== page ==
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I am able to construct K7 with crossing number 9 from K6 with crossing number 3. Hence, I know the crossing number for K7 is at most 9; though, the number may not be sharp.

Now, I heard it is possible to prove the crossing number of K7 is at least 7 (also, may not be sharp). Anyone have any idea?

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  • $\begingroup$ The crossing numer of $K_7$ is exactly $9$, and it is known for $n \le 10$ that the crossing number of $K_n$ is $(1/4)[n/2][(n-1)/2][(n-2)/2][(n-3)/2]$ where each square bracket means the floor function. This formula is also known to be a general upper bound, and its being exact for $n \le 10$ was shown by R. Guy. See openproblemgarden.org/op/… $\endgroup$
    – coffeemath
    Apr 22 '13 at 2:28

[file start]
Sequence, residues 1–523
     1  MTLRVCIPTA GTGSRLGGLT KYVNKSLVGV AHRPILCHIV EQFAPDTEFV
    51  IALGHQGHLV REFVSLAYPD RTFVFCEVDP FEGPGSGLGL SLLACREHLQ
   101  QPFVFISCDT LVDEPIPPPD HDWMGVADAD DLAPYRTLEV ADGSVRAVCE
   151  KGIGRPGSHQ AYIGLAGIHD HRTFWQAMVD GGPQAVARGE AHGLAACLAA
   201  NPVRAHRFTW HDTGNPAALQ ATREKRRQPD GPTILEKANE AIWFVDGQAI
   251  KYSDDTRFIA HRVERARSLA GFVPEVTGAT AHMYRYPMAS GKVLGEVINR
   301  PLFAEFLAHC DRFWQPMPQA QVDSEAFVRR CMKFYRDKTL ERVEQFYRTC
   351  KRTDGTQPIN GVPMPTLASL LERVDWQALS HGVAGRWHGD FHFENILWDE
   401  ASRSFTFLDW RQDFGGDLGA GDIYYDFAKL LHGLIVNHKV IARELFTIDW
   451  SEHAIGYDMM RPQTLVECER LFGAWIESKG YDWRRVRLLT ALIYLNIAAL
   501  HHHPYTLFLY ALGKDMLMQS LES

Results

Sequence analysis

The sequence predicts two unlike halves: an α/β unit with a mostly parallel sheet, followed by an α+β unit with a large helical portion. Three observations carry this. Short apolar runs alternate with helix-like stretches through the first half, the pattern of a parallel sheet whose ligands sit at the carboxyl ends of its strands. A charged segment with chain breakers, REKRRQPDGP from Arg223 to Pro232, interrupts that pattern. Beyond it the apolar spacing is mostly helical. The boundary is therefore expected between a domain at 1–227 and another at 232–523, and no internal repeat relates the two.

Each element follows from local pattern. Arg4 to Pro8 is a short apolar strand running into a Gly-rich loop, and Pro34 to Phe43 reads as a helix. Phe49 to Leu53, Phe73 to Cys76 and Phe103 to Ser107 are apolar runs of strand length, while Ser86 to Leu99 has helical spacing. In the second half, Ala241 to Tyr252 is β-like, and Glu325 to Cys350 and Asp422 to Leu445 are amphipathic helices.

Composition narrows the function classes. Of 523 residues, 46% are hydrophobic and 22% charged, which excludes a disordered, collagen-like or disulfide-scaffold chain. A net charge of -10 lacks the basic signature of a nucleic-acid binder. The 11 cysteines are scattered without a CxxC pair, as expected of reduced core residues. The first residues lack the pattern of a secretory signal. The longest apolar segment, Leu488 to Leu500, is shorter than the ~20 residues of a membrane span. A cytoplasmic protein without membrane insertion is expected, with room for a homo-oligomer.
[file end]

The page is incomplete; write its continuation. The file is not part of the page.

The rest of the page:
• $\begingroup$ I thought R. Guy (1972) proved (n^4)/80+O(n^3) <= nu(Kn) <= (n^4)/64+O(n^3), but the big-O notation doesn't help me here. I'll read your link carefully. Thanks. $\endgroup$
    – Sean
    Apr 22 '13 at 4:13
  • $\begingroup$ Actually I only scanned that the website referred to R. Guy as its backup for the conjectured formula being correct up to $n=10$, and another look shows that's been extended to $n=12$. However I got the impression that someone had shown these up to that point, since the article on the site made a careful distinction between upper/lower bounds and actual values. $\endgroup$
    – coffeemath
    Apr 22 '13 at 4:37
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Take a look at the Rectilinear Crossing Project for the current state of the art. Tight bounds and solutions are known up to $K_{27}$.

There are 3 essentially different ways to embed $K_7$ with 9 crossings, and these solutions are available at that site.

I've added this info at the Wikipedia crossing number page -- really should have been there.

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